Not only is every rule that successful sales executives have learned in large companies not applicable to startups, it is positively detrimental.
When you are validating your idea, you are not going to hire and staff a sales team. You are not going to be executing a sales plan, and you are definitely not going to be executing your “sales strategy.”
The reality is that you simply do not know enough to do any of these things. You may have your hypotheses about who will buy, why they will buy, and at what price they will buy, but until you validate those hypotheses, that is all they are, educated guesses.
One of the major outcomes of validation is a proven and tested sales road map. You will create this map by learning how to sell to a small set of early visionary customers. They will actually pay for the product -- sometimes months or even years before it is completed. However, the goal of this step is not to be confused with “selling.”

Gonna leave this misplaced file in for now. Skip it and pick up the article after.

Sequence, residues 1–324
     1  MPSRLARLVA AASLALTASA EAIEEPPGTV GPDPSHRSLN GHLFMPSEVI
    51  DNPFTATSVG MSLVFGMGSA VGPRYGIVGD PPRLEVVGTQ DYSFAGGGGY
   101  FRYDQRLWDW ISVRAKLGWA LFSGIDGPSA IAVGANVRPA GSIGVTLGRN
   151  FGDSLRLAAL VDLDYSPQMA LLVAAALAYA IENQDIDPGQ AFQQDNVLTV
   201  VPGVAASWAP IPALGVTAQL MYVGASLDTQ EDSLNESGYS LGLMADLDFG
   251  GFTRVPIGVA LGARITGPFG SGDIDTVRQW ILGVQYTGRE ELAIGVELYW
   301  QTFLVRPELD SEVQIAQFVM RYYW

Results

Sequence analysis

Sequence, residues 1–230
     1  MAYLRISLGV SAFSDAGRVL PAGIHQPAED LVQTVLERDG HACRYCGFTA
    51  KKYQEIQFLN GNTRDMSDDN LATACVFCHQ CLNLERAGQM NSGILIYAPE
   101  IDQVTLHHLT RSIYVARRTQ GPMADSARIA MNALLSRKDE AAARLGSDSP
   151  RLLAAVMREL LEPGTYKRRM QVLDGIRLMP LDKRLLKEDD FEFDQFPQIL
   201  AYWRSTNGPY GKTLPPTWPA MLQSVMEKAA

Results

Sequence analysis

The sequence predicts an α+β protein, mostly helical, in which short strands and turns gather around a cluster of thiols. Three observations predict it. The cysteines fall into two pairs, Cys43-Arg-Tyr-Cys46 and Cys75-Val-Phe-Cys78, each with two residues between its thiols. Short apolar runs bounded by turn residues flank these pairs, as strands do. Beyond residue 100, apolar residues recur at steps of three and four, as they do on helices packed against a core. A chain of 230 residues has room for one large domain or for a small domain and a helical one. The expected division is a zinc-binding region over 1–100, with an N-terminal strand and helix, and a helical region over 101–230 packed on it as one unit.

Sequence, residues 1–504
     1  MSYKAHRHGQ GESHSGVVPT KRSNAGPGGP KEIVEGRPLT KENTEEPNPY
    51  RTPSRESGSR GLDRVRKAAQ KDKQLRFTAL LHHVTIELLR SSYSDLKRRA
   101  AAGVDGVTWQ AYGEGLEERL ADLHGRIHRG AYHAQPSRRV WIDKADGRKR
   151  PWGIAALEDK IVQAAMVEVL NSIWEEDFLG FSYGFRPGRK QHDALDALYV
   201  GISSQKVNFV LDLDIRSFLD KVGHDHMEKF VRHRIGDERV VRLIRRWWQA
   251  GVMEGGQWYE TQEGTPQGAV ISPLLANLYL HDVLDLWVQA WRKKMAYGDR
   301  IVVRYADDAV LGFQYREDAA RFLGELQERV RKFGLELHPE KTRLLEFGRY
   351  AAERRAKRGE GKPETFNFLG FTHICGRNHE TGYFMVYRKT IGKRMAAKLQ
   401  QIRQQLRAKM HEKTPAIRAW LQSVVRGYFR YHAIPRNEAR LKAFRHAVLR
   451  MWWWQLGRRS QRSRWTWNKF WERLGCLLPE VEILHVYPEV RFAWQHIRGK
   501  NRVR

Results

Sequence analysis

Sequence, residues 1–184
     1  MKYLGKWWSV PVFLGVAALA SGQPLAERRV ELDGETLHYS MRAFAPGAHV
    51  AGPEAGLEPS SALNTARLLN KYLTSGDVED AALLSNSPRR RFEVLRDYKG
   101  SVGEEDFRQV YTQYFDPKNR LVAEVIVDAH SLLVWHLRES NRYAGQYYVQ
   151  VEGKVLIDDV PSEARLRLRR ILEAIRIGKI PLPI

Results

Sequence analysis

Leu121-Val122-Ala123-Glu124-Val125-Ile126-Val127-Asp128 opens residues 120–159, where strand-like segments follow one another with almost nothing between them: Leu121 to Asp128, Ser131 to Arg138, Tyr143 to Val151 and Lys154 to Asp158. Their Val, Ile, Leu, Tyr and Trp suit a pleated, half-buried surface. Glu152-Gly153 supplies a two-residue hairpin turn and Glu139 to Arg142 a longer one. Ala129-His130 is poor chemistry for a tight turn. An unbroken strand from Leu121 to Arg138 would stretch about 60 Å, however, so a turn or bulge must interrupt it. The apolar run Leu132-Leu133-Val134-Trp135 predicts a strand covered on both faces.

You should care less about the revenue you generate than you do about finding a scalable and repeatable sales process. Building a road map to sales success, rather than building a sales organization, is the heart of the validation step.
Given how critical this step is, the first instinct a CEO has is to speed up the process by putting more salespeople in the field. Don't -- that does not speed up the validation phase. In fact, it slows it down.
For more on validating your startup idea, watch the short video above.
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